Priory Middleton St George pioneers mental health treatment programme
The Sandalwood Programme is led by Consultant Clinical Psychologist, Dr Heather Roberts, and all aspects of care are psychologically driven within the context of a full multidisciplinary team (MDT) discussion. The success of the programme is a credit to the entire Sandalwood MDT. Medication is used judiciously with an emphasis on developing psychological coping skills. Patients also have access to a full range of therapeutic interventions including psychology, occupational therapy, art and health and fitness.
Priory Hospital Middleton St George has already built up a solid reputation for managing extremely complex patients who were difficult to place elsewhere due to high levels of self-harm.
The opportunities for self-harm were initially reduced by controlling the external environment and utilising medication for symptom relief. However, the drive to self-harm often remained and it was recognised that a psychologically driven culture was needed to successfully treat people with borderline personality disorder (BPD).
The Sandalwood Programme utilises dialectical behaviour therapy (DBT) and schema therapy as core interventions, both of which are recognised by the National Institute for Health and Care Excellence (NICE) as an effective treatment for BPD. Cognitive behavioural therapy (CBT) is also used.
All Sandalwood staff have completed two core training workshops which provide an overview of diagnosis, trauma, schema therapy, DBT and the challenges inherent in working with BPD.
The programme will offer a pathway which allows progression through the service as patients recover. Hazelwood Unit offers a higher level of relational security and is suitable for people who are actively self-harming or unstable. Rosewood Unit, which will open in the next month, will be a step-down unit and offer a lower level of relational security. It will be suitable for patients who are more stable, engaged in recovery and not actively self-harming.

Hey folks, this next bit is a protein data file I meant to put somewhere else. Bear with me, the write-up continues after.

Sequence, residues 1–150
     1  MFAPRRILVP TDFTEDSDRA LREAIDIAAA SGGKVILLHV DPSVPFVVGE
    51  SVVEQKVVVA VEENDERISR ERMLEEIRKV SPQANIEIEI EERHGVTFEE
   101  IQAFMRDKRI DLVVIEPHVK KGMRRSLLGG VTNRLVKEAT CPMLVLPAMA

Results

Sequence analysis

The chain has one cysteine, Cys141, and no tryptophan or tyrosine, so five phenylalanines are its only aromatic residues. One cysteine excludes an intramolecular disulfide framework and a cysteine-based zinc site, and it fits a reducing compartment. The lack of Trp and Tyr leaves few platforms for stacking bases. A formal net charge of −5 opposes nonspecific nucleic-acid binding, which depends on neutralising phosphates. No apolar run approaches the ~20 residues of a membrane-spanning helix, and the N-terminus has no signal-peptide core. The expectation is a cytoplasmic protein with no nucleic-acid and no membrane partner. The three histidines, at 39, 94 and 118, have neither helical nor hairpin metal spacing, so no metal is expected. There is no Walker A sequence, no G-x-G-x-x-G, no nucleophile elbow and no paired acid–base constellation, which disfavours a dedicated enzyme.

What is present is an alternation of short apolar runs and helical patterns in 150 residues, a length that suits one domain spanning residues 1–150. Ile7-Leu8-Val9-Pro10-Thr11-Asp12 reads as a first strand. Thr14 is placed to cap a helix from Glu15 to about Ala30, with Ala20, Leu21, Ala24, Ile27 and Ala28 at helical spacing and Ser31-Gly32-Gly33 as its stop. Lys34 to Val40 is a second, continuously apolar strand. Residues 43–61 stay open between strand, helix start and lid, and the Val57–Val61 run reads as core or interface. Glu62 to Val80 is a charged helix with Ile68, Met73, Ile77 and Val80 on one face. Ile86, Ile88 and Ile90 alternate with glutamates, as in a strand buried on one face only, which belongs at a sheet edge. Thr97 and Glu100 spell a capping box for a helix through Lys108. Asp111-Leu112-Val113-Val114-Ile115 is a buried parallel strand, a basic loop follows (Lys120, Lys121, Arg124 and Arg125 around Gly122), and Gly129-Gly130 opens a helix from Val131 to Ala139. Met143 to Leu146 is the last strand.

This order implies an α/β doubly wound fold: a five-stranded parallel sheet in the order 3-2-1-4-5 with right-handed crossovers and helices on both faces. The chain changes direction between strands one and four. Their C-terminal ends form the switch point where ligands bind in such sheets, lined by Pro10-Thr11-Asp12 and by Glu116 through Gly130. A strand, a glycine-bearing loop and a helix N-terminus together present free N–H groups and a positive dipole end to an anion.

Since its inception in November 2010 the Sandalwood Programme has achieved:
- A substantial reduction in the use of psychotropic medication
- A significant reduction in the levels of observation required
- A reduction of 44% in the number of restraints required
- A considerable reduction in somatising
- An increase in the amount and scope of Section 17 leave
- A number of people well enough and waiting to be transferred to the step-down unit
BPD is present in just under 1% of the population* and causes individuals to present with high levels of emotional distress, repeated crises, high levels of self-harm, suicidal intent and impulsive aggression. Patients with a severe form of this disorder are frequent users of mental health services. They are often admitted to inpatient units under the Mental Health Act because of high risk factors.
Professor Bruce Moore, Medical Director at Priory Hospital Middleton St George said: “Many services find it difficult to offer treatment for BPD as the recommended treatments are specialist, resource intensive and often require a long-term commitment from all stakeholders.
“People with BPD often have multiple admissions to general mental health services without the opportunity to access the specialist services they require. This can lead to an ongoing dependency on NHS services over many years and is not cost-effective in the long-term.
“The Sandalwood Programme offers a staged approach to assessment and intervention and provides stakeholders with the opportunity to invest resources in a planned programme of treatment which is transparent and committed to delivering the contracted services.
“It works towards recovery and enabling people to have a good quality of life outside hospital care, which in the longer term will reduce the demand on NHS funding resources.
“The positive outcomes we are achieving are beyond our expectations and we are very excited about the future of the programme. We are confident that the Sandalwood Programme at Priory Middleton St George will be seen as the gold standard for BPD treatment in the future.”